“We’re trying very hard to make sure that we’re complying on the front end that we’re acting with all due haste and with incredible empathy, but understanding that these are still federal processes and they still do take time,” Hogshead said. “The payments are catching up, we know that folks are waiting on them and we have sped up enormously.”

Once we brought these cases to the attention of administrators with HOPE, along with the other cases in this story where viewers were also waiting for HOPE money, all but one landlord got their thousands of promised in HOPE funding.

For the one landlord who is still waiting, HOPE administrators say they are looking into the issue.

“Now that the weight has been lifted and the nightmare is over,” Cooke said after her landlord got the money.

Help on the way?

Administrators at HOPE stress that if you were approved and have a signed agreement, you will get the money as quickly as they can process it.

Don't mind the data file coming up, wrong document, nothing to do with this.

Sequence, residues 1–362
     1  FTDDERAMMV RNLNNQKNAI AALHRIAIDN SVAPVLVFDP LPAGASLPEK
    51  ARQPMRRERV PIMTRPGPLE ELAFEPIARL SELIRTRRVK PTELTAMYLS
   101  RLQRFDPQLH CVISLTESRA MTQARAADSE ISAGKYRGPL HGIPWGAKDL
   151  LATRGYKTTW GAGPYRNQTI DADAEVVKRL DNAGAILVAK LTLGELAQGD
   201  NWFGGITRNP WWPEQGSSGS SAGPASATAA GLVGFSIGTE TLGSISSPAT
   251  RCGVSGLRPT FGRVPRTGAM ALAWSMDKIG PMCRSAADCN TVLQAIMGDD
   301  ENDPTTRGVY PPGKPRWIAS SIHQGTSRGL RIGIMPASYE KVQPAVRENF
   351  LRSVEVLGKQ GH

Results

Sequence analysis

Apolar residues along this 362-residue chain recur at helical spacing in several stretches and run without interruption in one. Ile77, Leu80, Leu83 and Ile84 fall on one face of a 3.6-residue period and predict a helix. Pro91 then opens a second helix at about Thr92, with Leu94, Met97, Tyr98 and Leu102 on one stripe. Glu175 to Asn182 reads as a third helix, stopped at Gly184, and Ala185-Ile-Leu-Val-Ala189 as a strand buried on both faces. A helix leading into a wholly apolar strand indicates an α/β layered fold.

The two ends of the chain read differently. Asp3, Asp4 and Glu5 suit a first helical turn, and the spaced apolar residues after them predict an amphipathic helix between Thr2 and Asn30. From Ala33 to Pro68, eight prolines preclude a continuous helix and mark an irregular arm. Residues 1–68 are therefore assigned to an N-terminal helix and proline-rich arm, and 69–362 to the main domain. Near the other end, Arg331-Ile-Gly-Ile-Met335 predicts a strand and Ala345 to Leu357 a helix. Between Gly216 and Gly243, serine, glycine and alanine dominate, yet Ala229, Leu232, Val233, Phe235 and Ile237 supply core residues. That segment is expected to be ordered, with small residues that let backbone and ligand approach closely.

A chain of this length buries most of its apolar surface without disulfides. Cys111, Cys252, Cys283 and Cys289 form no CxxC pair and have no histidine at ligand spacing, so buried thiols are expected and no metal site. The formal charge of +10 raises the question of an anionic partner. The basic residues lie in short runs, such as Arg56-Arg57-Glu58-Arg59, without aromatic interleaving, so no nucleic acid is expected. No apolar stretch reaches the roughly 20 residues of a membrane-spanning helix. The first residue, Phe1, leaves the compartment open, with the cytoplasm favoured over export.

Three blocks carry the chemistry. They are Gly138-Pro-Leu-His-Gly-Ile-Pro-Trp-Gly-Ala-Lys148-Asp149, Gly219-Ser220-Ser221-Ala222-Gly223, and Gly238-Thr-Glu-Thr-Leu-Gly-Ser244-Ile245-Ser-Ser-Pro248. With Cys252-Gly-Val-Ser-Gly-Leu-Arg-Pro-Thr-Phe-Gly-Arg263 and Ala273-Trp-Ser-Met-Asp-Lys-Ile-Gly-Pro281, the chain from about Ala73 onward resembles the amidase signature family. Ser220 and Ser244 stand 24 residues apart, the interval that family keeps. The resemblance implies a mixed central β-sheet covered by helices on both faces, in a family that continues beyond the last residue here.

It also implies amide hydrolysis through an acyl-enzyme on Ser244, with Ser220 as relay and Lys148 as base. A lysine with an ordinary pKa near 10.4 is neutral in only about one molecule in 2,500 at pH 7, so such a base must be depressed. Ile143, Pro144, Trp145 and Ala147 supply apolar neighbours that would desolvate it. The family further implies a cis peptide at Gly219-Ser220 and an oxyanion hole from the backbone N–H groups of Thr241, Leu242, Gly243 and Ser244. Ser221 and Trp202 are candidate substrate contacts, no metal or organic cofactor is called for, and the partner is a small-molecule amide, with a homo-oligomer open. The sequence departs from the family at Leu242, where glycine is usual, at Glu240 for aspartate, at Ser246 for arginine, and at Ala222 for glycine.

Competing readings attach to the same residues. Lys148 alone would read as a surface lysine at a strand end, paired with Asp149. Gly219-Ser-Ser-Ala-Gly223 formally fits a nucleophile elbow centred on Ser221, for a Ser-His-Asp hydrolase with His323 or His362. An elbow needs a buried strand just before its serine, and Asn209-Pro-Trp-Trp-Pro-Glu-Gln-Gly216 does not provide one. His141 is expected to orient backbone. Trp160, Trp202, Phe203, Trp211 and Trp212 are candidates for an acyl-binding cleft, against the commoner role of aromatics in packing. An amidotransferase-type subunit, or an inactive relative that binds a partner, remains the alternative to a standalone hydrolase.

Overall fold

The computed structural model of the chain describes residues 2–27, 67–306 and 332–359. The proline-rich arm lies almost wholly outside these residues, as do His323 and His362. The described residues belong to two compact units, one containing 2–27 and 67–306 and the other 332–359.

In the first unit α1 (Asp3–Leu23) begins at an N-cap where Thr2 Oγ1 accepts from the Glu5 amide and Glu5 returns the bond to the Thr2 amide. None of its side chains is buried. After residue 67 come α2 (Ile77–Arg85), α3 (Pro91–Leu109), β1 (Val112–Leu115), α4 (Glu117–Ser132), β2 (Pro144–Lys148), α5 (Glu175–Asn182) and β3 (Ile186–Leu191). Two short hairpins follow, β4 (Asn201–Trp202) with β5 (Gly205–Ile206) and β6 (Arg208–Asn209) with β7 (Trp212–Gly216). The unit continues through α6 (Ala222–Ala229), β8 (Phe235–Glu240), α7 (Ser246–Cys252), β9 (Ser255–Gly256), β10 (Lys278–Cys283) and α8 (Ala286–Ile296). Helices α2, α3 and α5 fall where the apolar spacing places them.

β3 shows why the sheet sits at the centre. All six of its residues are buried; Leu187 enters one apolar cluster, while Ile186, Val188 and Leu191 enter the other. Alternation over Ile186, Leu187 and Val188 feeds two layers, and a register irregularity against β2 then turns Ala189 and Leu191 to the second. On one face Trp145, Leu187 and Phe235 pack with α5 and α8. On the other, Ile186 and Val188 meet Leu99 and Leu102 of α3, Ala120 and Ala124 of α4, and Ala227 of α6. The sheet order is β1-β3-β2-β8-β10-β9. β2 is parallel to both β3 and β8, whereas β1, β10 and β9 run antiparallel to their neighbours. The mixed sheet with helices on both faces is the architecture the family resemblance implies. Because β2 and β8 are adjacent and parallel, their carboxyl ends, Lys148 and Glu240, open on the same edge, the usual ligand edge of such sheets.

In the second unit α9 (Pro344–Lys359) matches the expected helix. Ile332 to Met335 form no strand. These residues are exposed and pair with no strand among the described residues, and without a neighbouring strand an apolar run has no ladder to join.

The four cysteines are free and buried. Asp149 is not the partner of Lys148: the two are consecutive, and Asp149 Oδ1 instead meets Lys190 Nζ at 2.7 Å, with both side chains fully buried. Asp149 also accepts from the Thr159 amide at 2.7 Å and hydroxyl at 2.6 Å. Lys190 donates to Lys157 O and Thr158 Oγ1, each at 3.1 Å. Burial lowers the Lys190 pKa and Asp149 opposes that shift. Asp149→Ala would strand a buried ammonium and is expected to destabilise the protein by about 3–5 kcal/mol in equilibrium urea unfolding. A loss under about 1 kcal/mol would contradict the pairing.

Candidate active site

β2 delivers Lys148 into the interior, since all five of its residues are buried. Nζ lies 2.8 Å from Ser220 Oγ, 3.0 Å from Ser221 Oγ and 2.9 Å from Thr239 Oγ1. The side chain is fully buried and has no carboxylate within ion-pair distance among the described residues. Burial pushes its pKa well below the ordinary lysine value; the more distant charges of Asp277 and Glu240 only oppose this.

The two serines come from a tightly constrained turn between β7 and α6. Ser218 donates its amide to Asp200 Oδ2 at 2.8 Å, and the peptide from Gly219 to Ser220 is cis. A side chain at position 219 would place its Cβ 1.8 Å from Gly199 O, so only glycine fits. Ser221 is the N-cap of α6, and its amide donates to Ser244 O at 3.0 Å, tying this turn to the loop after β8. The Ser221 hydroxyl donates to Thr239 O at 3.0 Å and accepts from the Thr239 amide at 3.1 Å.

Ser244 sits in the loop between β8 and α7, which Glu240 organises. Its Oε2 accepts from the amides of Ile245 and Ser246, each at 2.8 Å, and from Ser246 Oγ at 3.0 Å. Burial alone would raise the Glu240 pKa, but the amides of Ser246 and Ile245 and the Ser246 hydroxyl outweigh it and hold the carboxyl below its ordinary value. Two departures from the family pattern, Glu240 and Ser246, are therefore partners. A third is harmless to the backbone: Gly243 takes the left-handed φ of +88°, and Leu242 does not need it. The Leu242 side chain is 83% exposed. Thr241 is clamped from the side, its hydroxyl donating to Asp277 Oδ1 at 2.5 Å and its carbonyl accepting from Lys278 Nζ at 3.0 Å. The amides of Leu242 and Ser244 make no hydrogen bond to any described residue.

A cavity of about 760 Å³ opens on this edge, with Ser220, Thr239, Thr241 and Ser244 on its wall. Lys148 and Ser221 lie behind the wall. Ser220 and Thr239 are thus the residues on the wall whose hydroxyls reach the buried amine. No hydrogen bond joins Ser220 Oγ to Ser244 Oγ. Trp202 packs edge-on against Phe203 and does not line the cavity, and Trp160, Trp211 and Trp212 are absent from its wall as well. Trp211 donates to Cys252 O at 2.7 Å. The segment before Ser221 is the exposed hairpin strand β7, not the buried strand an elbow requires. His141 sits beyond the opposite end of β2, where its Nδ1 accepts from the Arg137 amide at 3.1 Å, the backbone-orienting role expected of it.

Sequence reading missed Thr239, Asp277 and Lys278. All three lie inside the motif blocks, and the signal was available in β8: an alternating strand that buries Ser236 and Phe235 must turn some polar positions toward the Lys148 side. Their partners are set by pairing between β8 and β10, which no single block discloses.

Hogshead says if tenants or landlords are having issues she encourages them to call 211.

She does understand there may be delays in getting answers, but they are working hard to work through the cases.

“We know it’s never going to be fast enough, but we keep improving, we keep getting better, and we are eagerly anticipating the next round of funding so that we can help more people.,” she said.

Right now HOPE is closed to new applicants.

The program will eventually reopen once the state gets guidance from the US Treasury on the new rules for the latest stimulus bill that Congress passed in December, which includes North Carolina getting about $700 million to help with COVID relief efforts.

Hogshead says her agency will oversee a large portion of those funds for rent and utility assistance once federal guidance is given.

Copyright © 2021 WTVD-TV. All Rights Reserved.





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Ambulance Association warns it’s near ‘breaking point’ without more federal assistance | News Headlines


ST. LOUIS (KMOV.com) — Calls for help are on the rise at ambulance districts across the country as the pandemic continues. The American Ambulance District is warning the federal government that the emergency response system will buckle if additional assistance is not provided.